Schizophrenia causes paranoia, hallucinations, delusions, and a host of other cognitive problems. The mental disorder affects roughly 1% of all people. Scientists have struggled to define which genes are most important to developing the disease; however, each individual gene associated with the disorder discusses only modest risk.
A new study published in Neuron suggests that certain jumping genes that copy-and-paste themselves throughout the genome may be linked to schizophrenia. Jumping genes, or retrotransposons, are roaming short sequences of DNA that proliferate and relocate across the genome.
A gene is a sequence of DNA that holds information to build and maintain an organism’s cell and pass down those instructions to offspring. Our genes correspond to many biological qualities, sometimes visible, like eye color, height, and blood type. With the copy-and-paste ability, retrotransposons can disrupt the expression of those genes by inserting itself within or near those genes.
One group of retrotransposons named Long Interspersed Nuclear Elements (LINE) make up a large portion of the human genome and is believed to contribute to a number of disorders and disease like cancer.
The nuclear element LINE-1 has shown to be more abundant in brain cells than any other type of cells in the body. Dr. Kazuya Iwamoto from the University of Tokyo, Dr. Tadafumi Kato from the RIKEN Brain Science Institute and colleagues showed that the number LINE-1 copies are elevated in postmortem brains of patients with schizophrenia.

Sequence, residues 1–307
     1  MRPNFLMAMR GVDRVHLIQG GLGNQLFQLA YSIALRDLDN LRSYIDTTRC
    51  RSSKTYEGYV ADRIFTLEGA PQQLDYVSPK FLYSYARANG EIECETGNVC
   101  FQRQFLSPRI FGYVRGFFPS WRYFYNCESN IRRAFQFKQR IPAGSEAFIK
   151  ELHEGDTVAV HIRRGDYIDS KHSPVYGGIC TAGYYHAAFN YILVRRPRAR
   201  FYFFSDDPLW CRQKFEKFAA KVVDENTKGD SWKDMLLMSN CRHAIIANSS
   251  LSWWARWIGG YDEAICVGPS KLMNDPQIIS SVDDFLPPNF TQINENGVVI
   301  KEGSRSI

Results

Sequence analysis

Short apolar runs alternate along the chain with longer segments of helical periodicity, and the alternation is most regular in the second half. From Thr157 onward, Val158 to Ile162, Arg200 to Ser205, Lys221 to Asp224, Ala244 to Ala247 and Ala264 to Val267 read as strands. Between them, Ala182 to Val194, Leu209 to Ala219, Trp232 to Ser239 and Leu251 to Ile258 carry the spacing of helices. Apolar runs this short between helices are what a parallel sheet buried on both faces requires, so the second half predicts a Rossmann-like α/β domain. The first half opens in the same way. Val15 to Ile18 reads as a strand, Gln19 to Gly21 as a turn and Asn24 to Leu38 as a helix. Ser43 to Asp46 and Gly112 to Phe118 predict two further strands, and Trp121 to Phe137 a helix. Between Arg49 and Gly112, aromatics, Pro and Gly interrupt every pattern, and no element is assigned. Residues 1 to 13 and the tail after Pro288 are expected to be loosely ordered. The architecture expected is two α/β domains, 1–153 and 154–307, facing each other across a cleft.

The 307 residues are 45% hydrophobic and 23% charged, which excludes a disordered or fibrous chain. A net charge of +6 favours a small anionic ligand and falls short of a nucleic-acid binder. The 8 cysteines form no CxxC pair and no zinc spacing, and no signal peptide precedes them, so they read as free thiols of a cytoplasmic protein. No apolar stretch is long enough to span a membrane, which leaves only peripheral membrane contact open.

Using mouse and macaque models for schizophrenia and induced pluripotent stem cells they showed that exposure to environmental risk factors during development, as well as the presence of genetic risk factors for schizophrenia led to increased levels of LINE-1 in neurons. This means they found a high number of LINE-1 copies in the brains of schizophrenics compared to other groups.
The copy-and-paste function of LINE-1 into the genes involved in synaptic function or schizophrenia may result in disruptions in normal functions.
The authors concluded, “Our findings strongly suggest that abnormal, enhanced retrotransposition of LINE-1 in neurons, triggered by environmental factors and/or combined with a genetic risk factor, plays a defining role in schizophrenia.”
Alysson Muotri, a neurobiologist at the University of California at San Diego, who was not involved in the study, told LiveScience that the study cannot say whether these genes actually cause schizophrenia, but can say there is a link between the two. LINE-1 genes may have beneficial purposes for people.
"LINE-1 retrotransposition may be a mechanism to generate cognitive diversity in the human population," Muotri said. "This mechanism may have evolved to create outliers in the population, people with extraordinary abilities. On the other hand, the other end of the spectrum may be patients with schizophrenia or autism."